Martin Luther King, Jr. | News

Martin Luther King, Jr. Day: VIDEO

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This year, a look at the worthy memorial we now have in Dr. King's honor on the National Mall in Washington, D.C.

Watch, AFTER THE JUMP...

Would King have championed gay rights?, CNN asks:

Ravi Perry, a political science professor at Clark University in Worcester, Massachusetts, said King’s widow once said in a public speech that everyone who believed in her husband’s dream should “make room at the table of brother and sisterhood for lesbian and gay people.”

There is no private or public record of King condemning gay people, Perry says. Even the FBI’s surveillance of King’s private phone conversations didn’t turn up any moment where King disparaged gay people, she says.

“If Dr. King were anti-gay, there would likely be a sermon, a speech, a recording of some kind indicating such,” she says. “And knowing how closely his phones were tapped; surely there would be a record of such statements.”

Those who say King did not condemn gays and would have supported gay rights today point to King’s theology.

Though King was a Christian minister, he didn’t embrace a literal reading of the Bible that condemns homosexuality, some historians say. King’s vision of the Beloved Community – his biblical-rooted vision of humanity transcending its racial and religious differences – expanded people’s rights, not restricted them, they say.

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  1. Yes, I believe Dr King supported gay rights.

    Rev. Peter Johnson, one of Kings "lieutenants" once told me that the topic of gay rights came up between King and his father MLK Sr, who was a baptist preacher himself. MLK Sr. strongly disagreed with Dr. King. In fact, they did not speak for months.

    Dr. King finally convinced MLK SR., stating that "we cannot be fighting for our civil rights over here, but it's okay to discriminate, over there"

    Posted by: mymy | Jan 16, 2012 10:10:41 AM


  2. @MYMY Well said. I wish we could convince the GOP Evangelicals of same.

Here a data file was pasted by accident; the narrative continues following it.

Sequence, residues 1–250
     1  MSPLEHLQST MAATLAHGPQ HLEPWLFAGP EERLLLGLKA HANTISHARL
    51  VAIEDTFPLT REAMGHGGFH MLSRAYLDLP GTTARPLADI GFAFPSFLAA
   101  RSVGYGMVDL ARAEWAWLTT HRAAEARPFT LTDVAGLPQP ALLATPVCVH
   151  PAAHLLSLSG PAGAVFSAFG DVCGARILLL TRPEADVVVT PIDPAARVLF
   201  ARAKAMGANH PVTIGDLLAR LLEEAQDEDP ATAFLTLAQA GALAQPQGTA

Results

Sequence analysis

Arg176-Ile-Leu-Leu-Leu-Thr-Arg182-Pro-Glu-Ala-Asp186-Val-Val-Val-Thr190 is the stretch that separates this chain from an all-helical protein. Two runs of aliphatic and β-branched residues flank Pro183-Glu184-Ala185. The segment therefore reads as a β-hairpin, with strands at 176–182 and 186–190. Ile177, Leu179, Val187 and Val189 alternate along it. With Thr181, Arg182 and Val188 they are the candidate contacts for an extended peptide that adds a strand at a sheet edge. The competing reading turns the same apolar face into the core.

"We cannot be fighting for our civil rights over here, but it's okay to discriminate, over there."

    Posted by: Dale | Jan 16, 2012 10:35:10 AM


  3. Considering Coretta Scott King's statements in support of gay rights, at times quoting her husband's own words and attitudes on the matter (and who would know better?) I think it's safe to say MLK would support gay rights.

    From a speech CSK made in 1994: "For too long, our nation has tolerated the insidious form of discrimination against this group of Americans, who have worked as hard as any other group, paid their taxes like everyone else, and yet have been denied equal protection under the law...I believe that freedom and justice cannot be parceled out in pieces to suit political convenience. My husband, Martin Luther King, Jr. said, "Injustice anywhere is a threat to justice everywhere." On another occasion he said, "I have worked too long and hard against segregated public accommodations to end up segregating my moral concern. Justice is indivisible." Like Martin, I don't believe you can stand for freedom for one group of people and deny it to others."

    Posted by: Caliban | Jan 16, 2012 11:14:31 AM


  4. Here's an interesting factoid from that article. Guess who was standing with MLK's daughter Bernice King when she made her homophobic statements? "Bishop" Eddie Long, best know now for the accusations by several young men from his congregation that Long seduced them into sexual relationships. Long settled those claims out of court by paying off his accusers.

    Internalized homophobia strikes again!

    Posted by: Caliban | Jan 16, 2012 12:04:04 PM


  5. um, hello, Bayard Rustin was his mentor, colleague and close friend, and Bayard would NOT have aligned himself or worked so hard with someone who was bigoted towards gay people as Bayard was OUT, even then. C'mon guys. Read your history.

    Posted by: wtf | Jan 16, 2012 2:19:15 PM


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